March 24, 2020
How Businesses Can Securely Work From Home
As the world continues to deal with the global health crisis, businesses have turned to remote work to help keep their employees safe and still maintain regular business operations.
With the increase in remote work, companies will have to prepare in various ways to avoid cybersecurity risks or interruptions to business. “When supporting a remote workforce, understand that security controls shift. Therefore, firewalls, DNS, and IDS/IPS could be ineffective when employees head home. Most environments that support VPNs should be able to protect the remote user, be sure to account for the bandwidth of users and remote desktop sessions,” said Dan Garcia, Senior Information Security Engineer II at Datto.
CISA's VPN Guidance
The Cybersecurity and Infrastructure Security Agency (CISA) released an alert on 3/13 to encourage organizations to adopt a heightened state of cybersecurity. According to the CISA, remote work options require an VPN solution to connect employees to an organization’s network. The CISA encourages organizations to review the following recommendations when considering alternate workplace options:
- Update VPNs, network infrastructure devices, and devices being used to remote into work environments with the latest software patches and security configurations. See CISA Tips Understanding Patches and Securing Network Infrastructure Devices.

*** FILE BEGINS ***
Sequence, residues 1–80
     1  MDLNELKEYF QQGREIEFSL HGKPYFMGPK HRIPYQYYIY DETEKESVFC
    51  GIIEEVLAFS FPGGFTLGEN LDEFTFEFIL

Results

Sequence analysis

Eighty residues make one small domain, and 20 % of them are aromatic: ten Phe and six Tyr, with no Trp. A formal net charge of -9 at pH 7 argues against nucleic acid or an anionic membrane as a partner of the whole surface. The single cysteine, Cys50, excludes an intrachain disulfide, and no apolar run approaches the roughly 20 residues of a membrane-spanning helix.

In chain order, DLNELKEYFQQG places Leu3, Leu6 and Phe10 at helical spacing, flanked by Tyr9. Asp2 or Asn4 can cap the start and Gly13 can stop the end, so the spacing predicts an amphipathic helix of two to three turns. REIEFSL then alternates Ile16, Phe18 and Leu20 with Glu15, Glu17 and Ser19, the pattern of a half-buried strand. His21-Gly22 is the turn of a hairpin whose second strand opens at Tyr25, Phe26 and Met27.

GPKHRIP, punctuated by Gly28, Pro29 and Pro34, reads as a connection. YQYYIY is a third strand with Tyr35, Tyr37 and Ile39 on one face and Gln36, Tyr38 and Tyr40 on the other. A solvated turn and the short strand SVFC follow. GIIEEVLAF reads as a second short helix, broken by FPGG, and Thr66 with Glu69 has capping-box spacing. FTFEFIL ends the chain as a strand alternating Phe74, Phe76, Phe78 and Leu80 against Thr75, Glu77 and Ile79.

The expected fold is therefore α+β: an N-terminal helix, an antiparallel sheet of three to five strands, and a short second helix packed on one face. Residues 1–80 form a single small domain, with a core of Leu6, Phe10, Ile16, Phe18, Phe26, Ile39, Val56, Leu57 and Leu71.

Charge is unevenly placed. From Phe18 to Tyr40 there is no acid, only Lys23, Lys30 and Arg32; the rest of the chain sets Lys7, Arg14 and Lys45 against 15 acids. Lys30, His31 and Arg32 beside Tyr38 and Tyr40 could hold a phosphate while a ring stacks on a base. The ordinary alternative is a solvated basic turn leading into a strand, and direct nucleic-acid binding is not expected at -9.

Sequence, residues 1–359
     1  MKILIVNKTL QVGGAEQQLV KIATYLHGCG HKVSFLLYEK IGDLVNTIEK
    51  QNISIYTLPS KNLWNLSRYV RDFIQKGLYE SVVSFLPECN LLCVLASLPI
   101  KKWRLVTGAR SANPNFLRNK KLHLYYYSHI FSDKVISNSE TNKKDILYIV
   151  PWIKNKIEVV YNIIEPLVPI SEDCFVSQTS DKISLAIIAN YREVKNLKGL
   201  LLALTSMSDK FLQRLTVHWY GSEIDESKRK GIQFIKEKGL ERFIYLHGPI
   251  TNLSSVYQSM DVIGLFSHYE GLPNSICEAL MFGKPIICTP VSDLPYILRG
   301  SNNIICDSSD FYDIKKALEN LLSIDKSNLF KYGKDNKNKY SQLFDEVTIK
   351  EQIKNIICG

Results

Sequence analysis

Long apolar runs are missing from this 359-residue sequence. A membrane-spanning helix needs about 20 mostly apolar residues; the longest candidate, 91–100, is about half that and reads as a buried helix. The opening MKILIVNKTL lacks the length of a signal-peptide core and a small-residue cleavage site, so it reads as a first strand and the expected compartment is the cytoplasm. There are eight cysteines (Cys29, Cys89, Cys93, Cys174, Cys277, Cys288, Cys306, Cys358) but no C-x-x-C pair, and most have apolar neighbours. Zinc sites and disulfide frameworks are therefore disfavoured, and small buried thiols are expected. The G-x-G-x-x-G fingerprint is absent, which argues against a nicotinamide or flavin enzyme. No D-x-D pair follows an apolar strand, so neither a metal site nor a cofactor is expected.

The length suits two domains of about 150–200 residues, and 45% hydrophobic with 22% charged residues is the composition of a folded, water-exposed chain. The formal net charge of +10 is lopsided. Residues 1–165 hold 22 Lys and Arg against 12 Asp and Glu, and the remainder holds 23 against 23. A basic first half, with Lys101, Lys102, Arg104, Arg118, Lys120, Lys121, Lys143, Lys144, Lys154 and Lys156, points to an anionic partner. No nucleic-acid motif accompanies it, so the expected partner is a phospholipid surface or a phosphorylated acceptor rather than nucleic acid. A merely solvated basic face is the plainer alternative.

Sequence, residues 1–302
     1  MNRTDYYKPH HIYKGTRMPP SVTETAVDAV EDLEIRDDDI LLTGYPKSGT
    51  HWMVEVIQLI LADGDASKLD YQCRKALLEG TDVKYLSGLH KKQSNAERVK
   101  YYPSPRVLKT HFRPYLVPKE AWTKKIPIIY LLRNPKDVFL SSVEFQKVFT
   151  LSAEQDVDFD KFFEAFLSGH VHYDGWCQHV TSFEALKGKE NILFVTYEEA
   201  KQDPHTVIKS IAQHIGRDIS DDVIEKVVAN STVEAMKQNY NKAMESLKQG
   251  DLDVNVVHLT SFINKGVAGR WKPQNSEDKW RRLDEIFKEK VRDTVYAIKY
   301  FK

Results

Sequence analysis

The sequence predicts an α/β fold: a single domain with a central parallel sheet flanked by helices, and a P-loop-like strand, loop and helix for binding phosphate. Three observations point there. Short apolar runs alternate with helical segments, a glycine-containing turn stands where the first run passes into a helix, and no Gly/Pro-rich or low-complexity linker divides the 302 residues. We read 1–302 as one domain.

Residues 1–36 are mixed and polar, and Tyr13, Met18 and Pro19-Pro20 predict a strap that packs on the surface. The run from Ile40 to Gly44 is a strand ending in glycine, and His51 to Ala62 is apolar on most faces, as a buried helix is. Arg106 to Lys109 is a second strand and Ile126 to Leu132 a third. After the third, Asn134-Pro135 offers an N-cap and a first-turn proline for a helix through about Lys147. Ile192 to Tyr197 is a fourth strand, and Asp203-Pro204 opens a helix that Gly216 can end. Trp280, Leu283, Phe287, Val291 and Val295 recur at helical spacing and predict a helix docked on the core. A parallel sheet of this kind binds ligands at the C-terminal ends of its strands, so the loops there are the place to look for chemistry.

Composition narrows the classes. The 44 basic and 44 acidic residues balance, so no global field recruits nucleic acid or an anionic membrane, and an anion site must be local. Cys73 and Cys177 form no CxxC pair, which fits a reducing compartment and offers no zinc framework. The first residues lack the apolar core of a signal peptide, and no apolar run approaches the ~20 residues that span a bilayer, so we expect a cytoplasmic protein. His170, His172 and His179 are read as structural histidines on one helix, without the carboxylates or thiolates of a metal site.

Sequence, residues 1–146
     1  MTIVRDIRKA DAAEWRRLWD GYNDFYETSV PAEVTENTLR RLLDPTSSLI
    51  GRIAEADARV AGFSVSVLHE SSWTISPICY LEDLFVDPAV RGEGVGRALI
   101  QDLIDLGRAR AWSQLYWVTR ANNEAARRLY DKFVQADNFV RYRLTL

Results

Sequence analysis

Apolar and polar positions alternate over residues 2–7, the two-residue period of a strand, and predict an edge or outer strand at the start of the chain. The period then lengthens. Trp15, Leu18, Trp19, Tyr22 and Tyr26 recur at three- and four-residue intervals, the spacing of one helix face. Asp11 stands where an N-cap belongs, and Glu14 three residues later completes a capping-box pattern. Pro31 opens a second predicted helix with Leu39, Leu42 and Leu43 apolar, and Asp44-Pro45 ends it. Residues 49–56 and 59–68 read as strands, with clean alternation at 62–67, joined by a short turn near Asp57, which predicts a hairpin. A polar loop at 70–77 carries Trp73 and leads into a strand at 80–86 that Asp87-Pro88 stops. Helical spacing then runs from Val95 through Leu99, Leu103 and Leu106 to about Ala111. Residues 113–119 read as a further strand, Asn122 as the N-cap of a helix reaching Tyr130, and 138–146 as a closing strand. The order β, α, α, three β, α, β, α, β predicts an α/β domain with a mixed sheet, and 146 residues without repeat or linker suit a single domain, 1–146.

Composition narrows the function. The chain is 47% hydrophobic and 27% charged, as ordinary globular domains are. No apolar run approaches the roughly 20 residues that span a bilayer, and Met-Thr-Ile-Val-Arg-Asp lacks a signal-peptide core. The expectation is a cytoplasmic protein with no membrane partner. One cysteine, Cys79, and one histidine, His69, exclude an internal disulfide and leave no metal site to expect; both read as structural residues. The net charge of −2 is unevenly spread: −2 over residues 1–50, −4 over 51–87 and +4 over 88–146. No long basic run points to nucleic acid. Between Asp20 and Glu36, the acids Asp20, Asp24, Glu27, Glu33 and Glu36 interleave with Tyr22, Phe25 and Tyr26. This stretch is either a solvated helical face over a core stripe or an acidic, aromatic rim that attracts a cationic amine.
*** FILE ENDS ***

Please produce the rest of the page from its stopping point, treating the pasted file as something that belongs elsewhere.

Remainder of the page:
- Alert employees to an expected increase in phishing attempts. See CISA Tip Avoiding Social Engineering and Phishing Attacks.
- Ensure IT security personnel are prepared to ramp up the following remote access cybersecurity tasks: log review, attack detection, and incident response and recovery. Per the National Institute of Standards and Technology (NIST) Special Publication 800-46 v.2, Guide to Enterprise Telework, Remote Access, and Bring Your Own Device (BYOD) Security, these tasks should be documented in the configuration management policy.
- Implement MFA on all VPN connections to increase security. If MFA is not implemented, require teleworkers to use strong passwords. (See CISA Tips Choosing and Protecting Passwords and Supplementing Passwords for more information.)
- Ensure IT security personnel test VPN limitations to prepare for mass usage and, if possible, implement modifications—such as rate limiting—to prioritize users that will require higher bandwidths.
- Contact CISA to report incidents, phishing, malware, and other cybersecurity concerns.
CDC Best Practices
The CDC has released some best practices for a disease outbreak plan:
- Review human resources policies to make sure that policies and practices are consistent with public health recommendations and are consistent with existing state and federal workplace laws (for more information on employer responsibilities, visit the Department of Labor’s external icon and the Equal Employment Opportunity Commission’s external icon websites).